The Securities and Exchange Commission (SEC) has leveled fraud charges against Lumber Liquidators, claiming the flooring retailer made false statements to the public about the levels of formaldehyde in some of the flooring it sold.
The SEC says the company has agreed to settle the charges and pay $33 million in combined criminal and regulatory penalties.
The formaldehyde issue made news in 2015 when reports surfaced that some of the laminate flooring the company sold emitted more formaldehyde than regulations allowed. Lumber Liquidators went to great lengths to assure consumers and investors that its products met acceptable standards despite the numerous claims to the contrary.
It pulled all Chinese-made laminate flooring and hired former FBI Director Louis Freeh to review its sourcing program to ensure the safety of its products. It reported initial results of tests conducted in customers' homes, which showed that 97 percent were within established guidelines for formaldehyde levels in indoor air.
60 Minutes report
The SEC faulted Lumber Liquidators for the manner in which is responded to a 2015 “60 Minutes” broadcast that showed undercover video of Lumber Liquidators’ suppliers saying that they provided the company with products that did not comply with regulatory requirements. Lumber Liquidators publicly attacked the report, saying its allegations were untrue.
As part of its response, the SEC says the company “fraudulently” informed investors that third-party test results of its flooring products proved compliance with formaldehyde emissions standards. The company further stated that it had stopped purchasing flooring from suppliers that could not meet minimum standards.
The SEC alleges that at the time Lumber Liquidators made those statements it was aware that its largest Chinese supplier had failed third-party formaldehyde emissions testing and was unable to produce documentation showing regulatory compliance.
The SEC also claims that the company’s denial that individuals in the “60 Minutes” undercover video were factory employees of its suppliers was not true.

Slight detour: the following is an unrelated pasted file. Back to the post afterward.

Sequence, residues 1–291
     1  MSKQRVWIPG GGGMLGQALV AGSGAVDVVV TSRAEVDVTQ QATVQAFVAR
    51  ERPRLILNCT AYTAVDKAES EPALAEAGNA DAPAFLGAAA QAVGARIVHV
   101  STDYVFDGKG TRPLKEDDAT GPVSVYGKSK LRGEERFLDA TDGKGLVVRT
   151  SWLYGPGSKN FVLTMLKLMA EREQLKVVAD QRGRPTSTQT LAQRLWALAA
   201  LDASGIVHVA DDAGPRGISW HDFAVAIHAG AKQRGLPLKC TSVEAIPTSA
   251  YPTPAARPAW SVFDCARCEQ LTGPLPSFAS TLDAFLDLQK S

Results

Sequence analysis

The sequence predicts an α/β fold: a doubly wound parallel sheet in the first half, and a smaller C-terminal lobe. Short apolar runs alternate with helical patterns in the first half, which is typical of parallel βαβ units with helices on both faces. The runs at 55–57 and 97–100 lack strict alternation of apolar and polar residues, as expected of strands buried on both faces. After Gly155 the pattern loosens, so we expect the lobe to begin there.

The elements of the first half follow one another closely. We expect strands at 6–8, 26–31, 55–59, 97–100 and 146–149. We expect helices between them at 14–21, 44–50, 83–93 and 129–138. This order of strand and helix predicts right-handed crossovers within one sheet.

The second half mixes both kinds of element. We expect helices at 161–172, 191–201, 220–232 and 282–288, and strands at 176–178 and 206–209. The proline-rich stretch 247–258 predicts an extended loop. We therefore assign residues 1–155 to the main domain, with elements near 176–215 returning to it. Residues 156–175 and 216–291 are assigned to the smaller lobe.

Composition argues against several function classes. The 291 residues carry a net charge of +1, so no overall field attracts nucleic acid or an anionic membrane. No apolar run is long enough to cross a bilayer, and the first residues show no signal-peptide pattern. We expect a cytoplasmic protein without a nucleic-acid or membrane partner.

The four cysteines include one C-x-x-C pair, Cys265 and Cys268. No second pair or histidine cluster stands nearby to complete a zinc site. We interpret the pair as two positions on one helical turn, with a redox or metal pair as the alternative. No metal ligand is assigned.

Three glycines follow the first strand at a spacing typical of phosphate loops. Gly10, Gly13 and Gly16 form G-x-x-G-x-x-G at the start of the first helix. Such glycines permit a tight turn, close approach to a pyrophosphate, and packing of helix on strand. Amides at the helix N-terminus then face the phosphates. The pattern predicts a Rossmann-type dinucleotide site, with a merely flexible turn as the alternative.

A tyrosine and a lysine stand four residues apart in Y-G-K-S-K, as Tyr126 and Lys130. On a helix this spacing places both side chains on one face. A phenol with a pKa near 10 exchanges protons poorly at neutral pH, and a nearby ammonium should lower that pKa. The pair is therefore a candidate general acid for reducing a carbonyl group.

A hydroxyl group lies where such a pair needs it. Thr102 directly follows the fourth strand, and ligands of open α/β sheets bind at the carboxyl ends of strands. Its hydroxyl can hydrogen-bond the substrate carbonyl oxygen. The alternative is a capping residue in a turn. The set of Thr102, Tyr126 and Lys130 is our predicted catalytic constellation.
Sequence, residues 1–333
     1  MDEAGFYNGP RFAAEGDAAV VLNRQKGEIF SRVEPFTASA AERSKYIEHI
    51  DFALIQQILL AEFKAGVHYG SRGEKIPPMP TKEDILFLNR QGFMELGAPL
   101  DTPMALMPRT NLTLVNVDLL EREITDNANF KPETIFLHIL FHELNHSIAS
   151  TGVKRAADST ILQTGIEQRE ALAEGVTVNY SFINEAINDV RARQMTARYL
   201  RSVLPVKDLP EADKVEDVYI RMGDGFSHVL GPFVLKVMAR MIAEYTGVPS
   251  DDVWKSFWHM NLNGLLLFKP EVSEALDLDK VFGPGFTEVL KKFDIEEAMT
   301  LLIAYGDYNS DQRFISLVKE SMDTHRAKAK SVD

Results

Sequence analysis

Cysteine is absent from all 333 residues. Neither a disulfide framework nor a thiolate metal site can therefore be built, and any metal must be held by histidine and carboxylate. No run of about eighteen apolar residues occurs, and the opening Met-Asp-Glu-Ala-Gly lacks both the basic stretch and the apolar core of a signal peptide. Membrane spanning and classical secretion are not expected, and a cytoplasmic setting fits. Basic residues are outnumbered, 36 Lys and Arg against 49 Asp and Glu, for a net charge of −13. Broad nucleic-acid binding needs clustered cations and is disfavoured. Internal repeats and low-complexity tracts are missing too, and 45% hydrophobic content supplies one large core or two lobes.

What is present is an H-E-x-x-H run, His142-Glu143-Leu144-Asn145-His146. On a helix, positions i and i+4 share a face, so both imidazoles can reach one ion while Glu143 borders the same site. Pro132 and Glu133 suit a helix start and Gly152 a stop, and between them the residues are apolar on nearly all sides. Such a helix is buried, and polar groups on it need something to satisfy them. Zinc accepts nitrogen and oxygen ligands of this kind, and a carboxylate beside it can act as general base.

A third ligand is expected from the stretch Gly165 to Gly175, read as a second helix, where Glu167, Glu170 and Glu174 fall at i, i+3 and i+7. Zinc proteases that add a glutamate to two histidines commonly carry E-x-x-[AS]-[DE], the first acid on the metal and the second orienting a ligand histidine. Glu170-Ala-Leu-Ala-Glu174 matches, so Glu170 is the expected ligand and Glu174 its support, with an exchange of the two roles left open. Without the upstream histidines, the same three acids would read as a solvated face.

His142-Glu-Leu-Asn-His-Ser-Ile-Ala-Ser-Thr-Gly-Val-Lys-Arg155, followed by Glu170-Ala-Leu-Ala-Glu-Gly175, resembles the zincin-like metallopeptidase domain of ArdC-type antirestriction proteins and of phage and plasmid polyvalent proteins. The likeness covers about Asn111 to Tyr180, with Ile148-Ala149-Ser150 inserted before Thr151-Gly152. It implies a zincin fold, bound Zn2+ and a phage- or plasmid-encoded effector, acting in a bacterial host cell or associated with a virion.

"We have cooperated with this investigation and are pleased to have reached a resolution with the U.S. Attorney's Office, DOJ, and SEC," said Lumber Liquidators CEO Dennis Knowles. "We appreciate that the government recognizes the changes in the company's leadership and the strengthened organization that we have built. Lumber Liquidators has undergone a significant transformation in recent years and today is a new company led by an entirely new management team that is committed to our customers, compliance, transparency, and accountability across our organization."
As a publicly traded company, Lumber Liquidators and its officers must abide by strict rules when discussing events that can materially affect the stock price. The SEC maintains the company violated those rules.
“Pressured by negative publicity, Lumber Liquidators misled investors about its product testing and regulatory compliance programs,” said Marc P. Berger, director of the SEC’s New York Regional Office.
“The relief obtained today, along with the criminal fine imposed by the Department of Justice, ensures that the company will forfeit all profit and pay a heavy price for the false assurances it provided to the market.”
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